Artwork by Mark Doherty.

Artwork by Jennifer Wolf.

Artwork by Mark Doherty.

Energised by the originality of our dressed/undressed poses, I became careless with subsequent selections and adopted a needlessly uncomfortable kneeling position for the next 12 minutes. When set free from tearing tightness in tendons and toes, I was kinder to myself in choosing a side-saddle seated pose for 12 minutes to our break.

Artwork by Olga Szynkarczuk.

Artwork by Mark Doherty.

After the interval we would have two 20-minute poses taking us through to the end of the evening. Yet again I got it wrong, adding an unnecessary extra torso tilt to a pose with one arm over my head and the other stretching across my chest. It meant a little too much muscle effort was required to compensate for a slight overbalance.

Artwork by Mark Doherty.

Artwork by Olga Szynkarczuk.

Artwork by Olga Szynkarczuk.

Even with self-inflicted aches and pains, I do love working for this group. Once again my recovery position was sitting down, this time with one knee crooked upwards and both arms reaching forwards. I was feeling happy… and my smile didn’t go unnoticed by keen-eyed artists. 🙂

Artwork by Mark Doherty.

Arts Theatre, London, 14 April 2023

Four sessions in 2023 for City Academy at Arts Theatre, with no two alike. This one was rather spartan – a ‘Painting the figure‘ class led by one stand-in tutor (José), with one model (me) for one student. Without a plethora of people and paints, studios can be cold, cold places; and with just a pair of diminutive floor heaters toiling against the odds, this one certainly was. After ‘warming up’ with poses of 5, 7, and 7 minutes, we set-up the long pose that would occupy most of the evening’s two and a half hours.

My angular short poses had been well received, so I was asked to provide something similar for the long pose. A pose that can be held for 5 minutes cannot necessarily be held for 95, but with a couch and careful consideration we concocted a compromise. I endured a chilly first 40 minutes up to our break, then repositioned the heaters so our next 50 minutes were tolerable enough for me to agree extending by 5 minutes more. It had been a tough, peculiar gig, but a nice painting justified it… just. 🙂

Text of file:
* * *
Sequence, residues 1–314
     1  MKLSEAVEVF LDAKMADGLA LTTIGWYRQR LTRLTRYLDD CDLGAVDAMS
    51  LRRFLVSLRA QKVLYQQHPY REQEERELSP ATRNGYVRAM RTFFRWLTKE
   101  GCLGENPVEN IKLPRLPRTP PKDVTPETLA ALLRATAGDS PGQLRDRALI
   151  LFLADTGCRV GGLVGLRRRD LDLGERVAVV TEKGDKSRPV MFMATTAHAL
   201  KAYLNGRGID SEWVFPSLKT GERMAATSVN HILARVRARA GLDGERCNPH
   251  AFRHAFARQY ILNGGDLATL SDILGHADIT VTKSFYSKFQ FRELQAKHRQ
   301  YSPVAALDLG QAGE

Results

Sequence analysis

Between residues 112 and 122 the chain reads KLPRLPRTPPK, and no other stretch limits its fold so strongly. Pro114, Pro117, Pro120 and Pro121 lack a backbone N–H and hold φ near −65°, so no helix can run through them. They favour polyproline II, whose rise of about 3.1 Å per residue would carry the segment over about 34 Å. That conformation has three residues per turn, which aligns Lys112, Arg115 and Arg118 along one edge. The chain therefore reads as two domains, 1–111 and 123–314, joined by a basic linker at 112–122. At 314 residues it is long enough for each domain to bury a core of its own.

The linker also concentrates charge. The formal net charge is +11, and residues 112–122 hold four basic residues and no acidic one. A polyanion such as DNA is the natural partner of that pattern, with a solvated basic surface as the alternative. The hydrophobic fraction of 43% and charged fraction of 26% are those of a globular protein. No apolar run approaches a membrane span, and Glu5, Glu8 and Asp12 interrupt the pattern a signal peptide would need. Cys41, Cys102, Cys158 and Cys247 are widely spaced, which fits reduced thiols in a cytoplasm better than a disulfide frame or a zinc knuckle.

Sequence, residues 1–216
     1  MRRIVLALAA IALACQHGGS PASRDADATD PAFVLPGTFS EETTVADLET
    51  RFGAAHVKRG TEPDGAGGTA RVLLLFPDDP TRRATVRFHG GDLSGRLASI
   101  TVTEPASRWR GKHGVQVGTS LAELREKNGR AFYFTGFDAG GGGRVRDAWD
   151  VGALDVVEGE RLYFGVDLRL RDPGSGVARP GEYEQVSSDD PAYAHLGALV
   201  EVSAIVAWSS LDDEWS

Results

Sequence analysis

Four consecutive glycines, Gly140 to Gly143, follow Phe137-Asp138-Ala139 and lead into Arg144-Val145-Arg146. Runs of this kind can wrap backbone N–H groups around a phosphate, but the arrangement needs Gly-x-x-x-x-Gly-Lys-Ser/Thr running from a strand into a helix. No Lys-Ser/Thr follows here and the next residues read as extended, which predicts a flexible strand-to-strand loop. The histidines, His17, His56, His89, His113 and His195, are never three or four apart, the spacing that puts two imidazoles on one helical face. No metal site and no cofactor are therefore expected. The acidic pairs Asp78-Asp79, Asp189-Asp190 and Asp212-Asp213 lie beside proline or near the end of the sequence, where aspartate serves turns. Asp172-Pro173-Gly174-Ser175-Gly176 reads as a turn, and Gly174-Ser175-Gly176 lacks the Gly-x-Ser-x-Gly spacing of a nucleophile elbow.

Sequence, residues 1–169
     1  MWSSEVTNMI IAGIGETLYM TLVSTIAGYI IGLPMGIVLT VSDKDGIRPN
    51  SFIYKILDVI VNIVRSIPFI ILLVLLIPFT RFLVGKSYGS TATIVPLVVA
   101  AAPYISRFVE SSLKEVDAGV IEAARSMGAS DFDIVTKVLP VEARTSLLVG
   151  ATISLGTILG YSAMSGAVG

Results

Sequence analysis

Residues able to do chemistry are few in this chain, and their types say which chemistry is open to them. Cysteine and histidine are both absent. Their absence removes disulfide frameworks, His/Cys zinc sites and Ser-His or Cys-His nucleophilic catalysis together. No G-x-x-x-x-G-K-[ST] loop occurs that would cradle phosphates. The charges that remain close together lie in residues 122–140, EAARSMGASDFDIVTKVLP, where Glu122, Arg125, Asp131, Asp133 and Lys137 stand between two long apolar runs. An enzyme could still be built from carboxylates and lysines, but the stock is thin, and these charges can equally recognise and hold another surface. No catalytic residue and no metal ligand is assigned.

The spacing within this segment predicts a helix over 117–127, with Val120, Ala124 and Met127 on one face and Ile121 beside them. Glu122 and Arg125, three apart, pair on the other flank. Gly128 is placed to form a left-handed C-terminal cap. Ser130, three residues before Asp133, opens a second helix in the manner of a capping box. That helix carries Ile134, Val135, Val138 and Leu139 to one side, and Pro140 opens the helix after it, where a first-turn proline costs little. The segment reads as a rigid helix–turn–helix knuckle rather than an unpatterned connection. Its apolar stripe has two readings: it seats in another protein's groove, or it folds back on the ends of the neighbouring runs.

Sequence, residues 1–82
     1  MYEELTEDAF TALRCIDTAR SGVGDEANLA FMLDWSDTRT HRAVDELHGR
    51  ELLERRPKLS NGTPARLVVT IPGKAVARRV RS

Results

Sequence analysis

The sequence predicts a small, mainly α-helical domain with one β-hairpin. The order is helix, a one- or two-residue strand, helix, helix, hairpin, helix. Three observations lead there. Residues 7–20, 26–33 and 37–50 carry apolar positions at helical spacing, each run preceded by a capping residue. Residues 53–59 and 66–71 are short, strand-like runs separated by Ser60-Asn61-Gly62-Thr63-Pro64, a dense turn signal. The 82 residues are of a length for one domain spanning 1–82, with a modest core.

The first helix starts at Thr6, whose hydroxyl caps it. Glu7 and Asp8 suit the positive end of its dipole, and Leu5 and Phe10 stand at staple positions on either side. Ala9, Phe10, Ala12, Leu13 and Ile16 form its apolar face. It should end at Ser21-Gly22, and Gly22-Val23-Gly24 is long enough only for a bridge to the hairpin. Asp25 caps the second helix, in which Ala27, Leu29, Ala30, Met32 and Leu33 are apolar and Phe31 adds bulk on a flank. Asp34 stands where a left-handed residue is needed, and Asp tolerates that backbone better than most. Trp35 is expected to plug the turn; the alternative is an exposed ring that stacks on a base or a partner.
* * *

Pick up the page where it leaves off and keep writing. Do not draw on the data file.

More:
Mall Galleries, London, 31 March 2023

Back at Mall Galleries to sit for the portrait artists of Hesketh Hubbard Art Society, my first objective was accessing their pivotal throne. Again and again, I paced round the perimeter of portraitists who’d assembled tightly into a double arc but I could find no means of ingress. It was a busy night. When finally an oil painter momentarily left his station, I slid carefully betwixt poised paraphernalia and eased into the hotseat.

As always, it was to be a 2-hour pose: 1-hour without a break then fifteen minutes for tea and biscuits, followed by a final hour without a break. Imperceptible to my myopic vision, Esther was at the far end of the gallery fashioning 15/30-minute poses, whilst our friend the legendary Leo @Jigglechick87 held a long pose between us. Cometh the hour’s end, I took stock of works in progress; loved that one below!

In a domestic setting it’s not unknown for me to make a mug of tea last for an hour or more, but here speed was of the essence. I orbited in front of the refreshments table, taking a custard cream, digestive or ginger snap each time to help the hot drink on its way down. Thus sated, I returned for the second hour, which as always seemed to fly faster than the first. And what magnificent works resulted…

Artwork by Richard Gray.

Artwork by Desmond Sloane.

Artwork by Tony Swann.

The disciplines of life modelling and portrait modelling are profoundly different, and in more ways than the obvious. It doesn’t follow at all that just because a person has an aptitude and inclination for life modelling they will be equally willing and able to sit for portraitists. Nonetheless, perhaps inexplicably I’m ever more content to do it and was very happy to sit back while the brilliance of Leo and Esther shone for life.

“Model trifecta of the apocalypse…”

Brockley Adult Education Centre, London, 22 March 2023

This was a nice one – the last session of spring term attended by the most artists I’ve ever seen for a life drawing class in Brockley Adult Education Centre. Our tutor, Jo showed images of drawings and a promotional video by local star Curtis Holder as inspiration for practising the use of loose colourful fine lines. And it worked.

We began with quick poses. Not a typical 1, 2, 3, 4, 5 minutes, or even a 5, 4, 3, 2, 1, but a quirky 1, 2, 3, 3, 2, 1. Well why not? Mix it up. A check-in on how everyone was progressing showed all were up for the challenge and smashing it. For the next 6, 10 and 15 minutes I sat, stood and sat, taking us to our break.

Artwork by Dick Graham.

We finished with a single pose of 40-minutes. Propped up against a folding mattress, no tensions or aches, all pressure points evenly balanced, I was comfortable enough to go the distance without needing a stretch. Gentle work with the last sippings of my tasty half-time lemon and ginger tea for reward at the end. Lovely vibe in the room.